After just two years on the market, the 2021 Volkswagen Arteon gets a refresh. On the plus side the 2021 Arteon is probably the best looking vehicle in Volkswagen’s portfolio. Its long, low, and wide proportions convey the type of elegance typically reserved for models wearing the interlocking rings of Audi rather than VW’s logo.
Our test vehicle was a top-of-the-line Arteon SEL Premium R-Line that rode on a set of newly designed 20-inch wheels. The most noticeable changes are to the Arteon’s technology, with an updated multimedia system, upgrades to the digital instrument cluster, and new USB-C charging ports. The exterior and interior have also been slightly restyled, but those changes are harder to spot. The grille incorporates a new LED light bar and revised lower air intakes, while the interior gets a dashboard layout that looks more layered. One fun highlight was the cabin also looks great at night, the new ambient lighting featuring 30 selectable colors that highlight a strip across the dash, translucent panels on the doors, and even elements in the fully digital gauge cluster and 8.0-inch touchscreen.
As a part of the new MIB 3 infotainment system, wireless Android Auto and Apple CarPlay now come standard on every Arteon, along with a wireless charging pad on SEL R-Line models and up. The Volkswagen Digital Cockpit has received a serious upgrade, this is a 10-inch display which has been swapped in for a traditional instrument panel. The system is now highly customizable with 21 different viewing options, and it now integrates directions while using Android Auto or Apple CarPlay’s map apps, which makes the whole ecosystem feel rather integrated. The main touchscreen in the Arteon is only 8.0 inches on the diagonal, but it feels larger, partially because it sits behind one piece of glass that includes the capacitive menu buttons on the sides. There are capacitive touch buttons all over, including on the steering wheel controls, AC and so forth, and to VW’s credit, they did have good haptic feedback.
The Arteon’s one-size-fits-all powertrain, a turbocharged 2.0-liter four-cylinder with an output of 268 horsepower and 258 pound-feet of torque paired with an eight-speed automatic remains. Those who were hoping for the 315-hp version from the European Arteon R are unfortunately out of luck. Every top-trim SEL Premium has standard 4Motion all-wheel drive, which means our test car reaches 60 mph in 6.1 seconds. However, on the plus side the EPA highway fuel-economy figure has increased by 4 mpg to 31 since 2019. The engine is more than enough for day to day driving and the light steering is accurate, while body control is poised. The graceful ride quality was expected when you say inside and reminds you that VW is really good at building cars that feel expensive. Drivers will appreciate new assist systems including Dynamic Road Display and Travel Assist which features an updated Adaptive Cruise Control with predictive speed control. There’s also Lane Keeping Assist, Forward Collision Monitoring, and an improved rear camera.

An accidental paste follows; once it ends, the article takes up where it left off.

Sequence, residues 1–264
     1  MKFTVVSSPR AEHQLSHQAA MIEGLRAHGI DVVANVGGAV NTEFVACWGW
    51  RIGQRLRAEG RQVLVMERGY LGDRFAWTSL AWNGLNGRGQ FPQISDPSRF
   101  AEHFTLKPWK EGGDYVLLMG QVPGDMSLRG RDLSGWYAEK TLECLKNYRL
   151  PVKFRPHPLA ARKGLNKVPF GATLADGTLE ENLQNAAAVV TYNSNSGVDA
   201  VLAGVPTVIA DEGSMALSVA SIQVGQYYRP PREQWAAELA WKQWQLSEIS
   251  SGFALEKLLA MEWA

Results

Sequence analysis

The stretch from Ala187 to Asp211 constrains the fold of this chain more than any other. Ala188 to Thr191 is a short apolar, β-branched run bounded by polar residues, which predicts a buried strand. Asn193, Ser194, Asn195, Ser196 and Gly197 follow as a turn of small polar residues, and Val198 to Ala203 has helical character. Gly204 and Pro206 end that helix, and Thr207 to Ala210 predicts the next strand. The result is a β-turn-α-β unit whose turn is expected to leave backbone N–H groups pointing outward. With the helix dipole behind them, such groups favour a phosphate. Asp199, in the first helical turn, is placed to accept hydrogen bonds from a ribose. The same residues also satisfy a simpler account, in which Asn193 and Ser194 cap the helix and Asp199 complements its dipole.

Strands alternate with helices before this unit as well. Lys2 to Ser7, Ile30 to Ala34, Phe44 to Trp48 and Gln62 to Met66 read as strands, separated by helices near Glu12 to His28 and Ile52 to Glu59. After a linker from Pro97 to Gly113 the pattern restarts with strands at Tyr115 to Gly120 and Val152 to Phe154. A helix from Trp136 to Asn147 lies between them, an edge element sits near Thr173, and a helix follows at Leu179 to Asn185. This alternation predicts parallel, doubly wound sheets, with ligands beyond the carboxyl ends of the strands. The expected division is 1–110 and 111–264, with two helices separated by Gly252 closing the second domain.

Most importantly however the changes don’t affect the Arteon’s cargo or passenger space. The pilot’s seat remains more relaxing than engaging, with front-seat cushions that err on the side of supple rather than supportive. Adults in the back enjoy legroom worthy of a luxury car and a surprising amount of headroom despite the hatchback’s diving rear roofline. The Arteon is almost as practical as a compact crossover, with an expansive cargo area behind the back seat (27.2 cubic feet). Fold them down and luggage capacity is almost comparable to a VW Tiguan (55 cubic feet). Rear seat passengers get their own little climate-control pod with a pair of vents, and the rear seats are heated, as well. The interior is also nicely insulated from wind and road noise. Most vehicles with adaptive suspensions provide three or four suspension settings ranging from comfortable to firm, but the Arteon gives you 15.
The Arteon feels like a car-designer sketch made real, and in a world now mostly populated by tall, clunky-looking SUVs, driving something low and elegant like the Arteon feels like a statement. Although the Arteon is certainly a special Volkswagen and a fine mid-size luxury car, it’s not really an affordable Audi alternative because it is not much more affordable. Our SEL Premium R-Line had an as-tested price of $48,190, which is only $1755 shy of a loaded A5 Sportback. In all, the Arteon presents an appealing package and is an excellent road trip companion as it glides on the highway and churns through miles with ease. In a way, the Arteon is the last throwback to the Piëch-era VW‘s, the Phaetons and Touaregs, that sought to transcend their badges.